“His manners were the Qur’ân” (Muslim, Musâfirîn 139; Nasâ‘î, Qiyâmu’l layl, 2)
The Qur’ân comprises rules and regulations that have been sent to bring a morality to mankind that is higher than that of the angels. In the aforementioned verses, Rumi conveys the message that reading the Qur’ân and understanding it will enable a person to adorn himself with the morals of the beloved Prophet. The Prophet has presented this as Divine morality and he ordered his Ummah to be assume the character traits of the Lord Almighty. (Munâwî, al-Ta‘ârif, p. 564)
The story of Ibn ‘Abbâs (r.a) is a good example of Qur’ânic morality. Once, a man said some unpleasant things to Ibn ‘Abbâs (r.a), but the latter merely remained quiet. The man was astounded and asked Ibn ‘Abbâs why he did not retaliate. To this, Ibn ‘Abbâs responded:
“There are three traits I assume which stop me from retaliating against you: firstly, when I read a verse from the book of Allah, I wish for every man to know what I have been graced to read; secondly, I become very happy when I hear that a Muslim judge has served justice, though I have no familial ties with that judge; thirdly, I become very happy when rain falls on land owned by Muslims though I have no animals grazing on that particular land nor own any land there myself.”(Haythamî, Majmû al-Zawâ’id, v. 9, pg. 284)
The Mathnawi: “There are melodies within Prophets which revive; these melodies bestow a priceless life on those who are in search of the Truth.”(v.1: 1919)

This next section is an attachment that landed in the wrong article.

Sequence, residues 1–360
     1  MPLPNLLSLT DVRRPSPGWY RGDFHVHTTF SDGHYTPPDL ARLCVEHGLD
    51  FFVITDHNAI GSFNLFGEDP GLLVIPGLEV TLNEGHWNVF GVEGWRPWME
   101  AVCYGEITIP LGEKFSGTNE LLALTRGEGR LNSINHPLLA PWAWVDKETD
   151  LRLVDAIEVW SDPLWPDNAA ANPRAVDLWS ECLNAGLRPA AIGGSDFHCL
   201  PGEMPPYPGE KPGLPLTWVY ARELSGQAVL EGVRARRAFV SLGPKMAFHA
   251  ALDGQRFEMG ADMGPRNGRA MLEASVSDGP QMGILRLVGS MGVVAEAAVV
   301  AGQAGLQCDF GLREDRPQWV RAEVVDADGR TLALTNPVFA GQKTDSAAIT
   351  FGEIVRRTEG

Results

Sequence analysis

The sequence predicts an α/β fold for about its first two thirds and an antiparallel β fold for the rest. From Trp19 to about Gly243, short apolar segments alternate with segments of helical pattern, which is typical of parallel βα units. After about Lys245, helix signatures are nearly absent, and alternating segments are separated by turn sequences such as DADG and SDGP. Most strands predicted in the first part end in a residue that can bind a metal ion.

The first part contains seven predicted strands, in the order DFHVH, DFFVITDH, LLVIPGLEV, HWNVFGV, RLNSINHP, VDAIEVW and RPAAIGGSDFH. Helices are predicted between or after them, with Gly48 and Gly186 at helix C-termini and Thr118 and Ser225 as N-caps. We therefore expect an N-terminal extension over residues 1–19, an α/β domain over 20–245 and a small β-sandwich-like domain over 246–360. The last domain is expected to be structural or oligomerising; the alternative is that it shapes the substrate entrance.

A life can only be meaningful and valuable through accurate ideas and behavior. This means reaching to the truth and the good. The most exceptional and unique guides in doing this are the Prophets, because Allah Almighty made all of them, especially the Prophet Muhammad, the best model of humanity . The above verse from Mawlânâ also emphasizes this truth.
The impact of the Prophet Muhammad’s (pbuh) character on people and his being a role model to all humanity has never ceased to embrace all humanity since his blessed mission. Even those who did not believe in him had to admit the high morals and excellence of the Prophet, while those who loved him sang of their fondness and affection for him. The Companions revealed their submission and devotion by such things as, “I willingly sacrifice all my possessions, my life and loved ones for you.” The caravans of affection, which will continue until the Day of Judgment, flow with his love. The universe has been enlightened by his radiance, which is brighter than the sun. The graceful joy of belief is only possible through him. Mortals have not been able to describe him adequately because, with his impeccable morality and existence, he is the unique gem of this universe. Poets and literary figures have not been able to cease praising him. Here are some of those pearls, verses of beautiful poems that have been sung about him.